Sofia and her mother, Ines, wait for their interview at the Hilton.
[Ed.'s Note: The Action Sports Report is a weekly blog that covers sports from skateboarding to snowboarding to FMX.]
This was supposed to be a story about something else. It was supposed to be a story about two Peruvian superstar athletes, a boxer and a surfer, who are both world champions. They were childhood friends who surfed together in Punta Hermosa in the summers and were reuniting in L.A. for a story in a Peruvian newspaper, El Comercial. Their reunion was supposed to take place in a Huntington Beach hotel, where 25-year-old Sofia Mulanovich, a world champion surfer currently in the middle of her world tour, had scheduled a stop in order to meet with boxing sensation Kina Malpartida. Malpartida, 29, now lives and trains in Huntington and is fresh off a title bout. On February 21, she won the WBA super featherweight championship with a 10th-round TKO of Maureen Shea at Madison Square Garden.
Sofia and Kina were going to talk about what it is like to be a female icon in South America, and a sports celebrity in a country with a notoriously machismo attitude that has only recently become accepting of female athletes. As the status of these women has grown abroad—Mulanovich was in Los Angeles for a photo shoot with Vanity Fair—so, too, has participation in sports among women in Peru. These two women are largely to credit for that growth.
Since the Hilton's across the street from the Huntington breaks, why not go for a quick surf?
Unfortunately, a few hours before the meeting, word got through that Malpartida wouldn't be showing up. Although she had already agreed to the meeting, and a reporter and photographer had flown to Los Angeles from Peru to interview her, she informed the group that she wanted $1,000 for an interview and photographs. With her new title and newfound fame, she simply wasn't willing to give her story away for free. Ironically, the anecdote tells more about what it means to be a female athlete in South America than a newspaper story ever could have.
Instead, I sat down with Mulanovich to talk about Peru, the women's world tour, and what it really means to be a female icon in South America.
ASR: If Kina were here right now, what would you say to her?MULANOVICH: I would congratulate her, give her a big hug and have lots of questions. I think in Peru, what she's done is huge. I think she is probably more well known than me now. She has done an amazing thing. She is the world champ.
How has the perception of female athletes in Peru changed since you first won your world title?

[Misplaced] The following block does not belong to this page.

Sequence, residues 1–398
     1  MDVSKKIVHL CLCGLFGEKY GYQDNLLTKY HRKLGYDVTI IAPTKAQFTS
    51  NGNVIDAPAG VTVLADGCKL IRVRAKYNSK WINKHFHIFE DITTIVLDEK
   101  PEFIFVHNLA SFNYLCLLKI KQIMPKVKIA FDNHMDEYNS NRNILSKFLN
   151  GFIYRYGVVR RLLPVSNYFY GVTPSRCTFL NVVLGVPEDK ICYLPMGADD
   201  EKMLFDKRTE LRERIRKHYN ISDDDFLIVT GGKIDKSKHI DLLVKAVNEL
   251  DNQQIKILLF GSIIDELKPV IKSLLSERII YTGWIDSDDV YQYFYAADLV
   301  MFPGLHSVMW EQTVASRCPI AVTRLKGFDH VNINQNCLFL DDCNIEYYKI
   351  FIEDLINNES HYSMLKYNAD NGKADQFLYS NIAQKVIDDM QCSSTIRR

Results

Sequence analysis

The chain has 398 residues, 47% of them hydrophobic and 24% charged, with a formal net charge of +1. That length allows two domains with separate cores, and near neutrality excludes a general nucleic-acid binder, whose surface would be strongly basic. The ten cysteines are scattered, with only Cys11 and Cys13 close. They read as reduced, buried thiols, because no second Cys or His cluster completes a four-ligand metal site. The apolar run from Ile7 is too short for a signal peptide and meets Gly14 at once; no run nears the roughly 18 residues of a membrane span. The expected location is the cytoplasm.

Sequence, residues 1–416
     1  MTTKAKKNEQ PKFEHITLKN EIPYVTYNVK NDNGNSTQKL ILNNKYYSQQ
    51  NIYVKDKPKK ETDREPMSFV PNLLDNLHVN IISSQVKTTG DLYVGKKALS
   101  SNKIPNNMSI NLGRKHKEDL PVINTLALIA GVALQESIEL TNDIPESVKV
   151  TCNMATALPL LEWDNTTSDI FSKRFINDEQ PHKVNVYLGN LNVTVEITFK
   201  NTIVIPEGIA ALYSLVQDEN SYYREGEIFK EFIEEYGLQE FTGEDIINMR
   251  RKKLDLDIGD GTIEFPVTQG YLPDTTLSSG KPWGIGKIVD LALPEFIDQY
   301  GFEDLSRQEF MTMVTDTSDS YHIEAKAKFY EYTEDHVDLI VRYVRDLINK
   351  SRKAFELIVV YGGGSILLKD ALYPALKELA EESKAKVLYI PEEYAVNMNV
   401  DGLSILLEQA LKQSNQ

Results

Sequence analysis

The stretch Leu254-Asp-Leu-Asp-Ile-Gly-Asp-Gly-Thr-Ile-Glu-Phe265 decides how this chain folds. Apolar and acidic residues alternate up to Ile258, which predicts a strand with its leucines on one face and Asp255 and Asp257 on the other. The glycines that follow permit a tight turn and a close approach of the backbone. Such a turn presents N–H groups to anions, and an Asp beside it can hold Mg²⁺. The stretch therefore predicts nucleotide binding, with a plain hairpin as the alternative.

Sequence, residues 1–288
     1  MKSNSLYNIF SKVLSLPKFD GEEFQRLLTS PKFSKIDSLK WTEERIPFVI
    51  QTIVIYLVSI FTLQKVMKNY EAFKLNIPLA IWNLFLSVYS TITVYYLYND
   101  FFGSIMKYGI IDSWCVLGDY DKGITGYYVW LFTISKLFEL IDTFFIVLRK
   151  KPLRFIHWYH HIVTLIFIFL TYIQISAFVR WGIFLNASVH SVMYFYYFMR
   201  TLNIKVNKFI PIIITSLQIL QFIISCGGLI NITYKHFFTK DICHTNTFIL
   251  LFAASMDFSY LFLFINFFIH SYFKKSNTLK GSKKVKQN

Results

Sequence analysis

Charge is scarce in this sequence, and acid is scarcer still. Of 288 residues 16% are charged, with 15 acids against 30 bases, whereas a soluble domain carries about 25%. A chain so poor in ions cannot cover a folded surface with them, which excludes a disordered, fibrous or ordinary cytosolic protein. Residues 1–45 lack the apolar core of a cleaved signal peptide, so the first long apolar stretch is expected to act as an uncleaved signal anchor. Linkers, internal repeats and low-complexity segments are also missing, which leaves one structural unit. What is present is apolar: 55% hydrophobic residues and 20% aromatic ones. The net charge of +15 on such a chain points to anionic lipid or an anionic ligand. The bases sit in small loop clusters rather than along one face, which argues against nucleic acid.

The sport of surfing is growing. There are more young girls in the water and a lot of kids coming up from Peru. Hopefully we will see another Peruvian on tour sooner rather than later. The surf contest you hold in Mancora has been a success the past two years. Any changes for 2009?
I love Mancora and I think I surf there better than any other place in the world. I was stoked to bring everyone to Mancora. Good food, good people, good wave. The first year, everyone got sick. That year, I had so much pressure and I cracked in the semis. I fell to the pressure. Last year, I was all over the place. I was injured and my mind wasn't in it and in the quarters, I bombed. Hopefully I can do better this year. And it's not going to be in Mancora in the north anymore. It's moving to Punta Hermosa, which will be good. It will be easier for spectators. We're not sure what wave yet, but maybe San Bartolo, a wave in front of my house. I love Mancora, but I think it will be amazing to have the contest it at home, too. I haven't been home in three months and won't be home for a few more. It's been a while since I've gone this long without going home to Peru.
The next WCT contest, the Billabong Girls Pro in Brazil, is still not confirmed. If that contest is canceled, you won't have another event until October.
I know. A really big break. But I hope Brazil will happen, especially because Silvana Lima just won a big contest (the 2009 Rip Curl Women's Pro at Bell's Beach), and that should be a big deal to her home country. They will be proud of that, so I hope the contest will happen. Not knowing is a little nerve wracking.
And if not, how will you fill the time?
I am stoked for the break because I am going to be able to train. I couldn't train before the last two contests, so I will take advantage of the time. Red Bull is giving us a coach, Dan Ross, who is going to work with the women and some of the young guys. I am going on a couple boat trips and I am going to surf some WQS contests. I am leaving for Portugal for a WQS (Billabong Girls Estoril, May 1-3) and surfing at the U.S. Open. I like QS contests because the level is good and there are lots of great up-and-coming girls at those contests. It is always good to compete and fun to travel the world, be with your friends and surf. The waves are good today. I'm going surfing as soon as we're done with the interview.
Then we're done.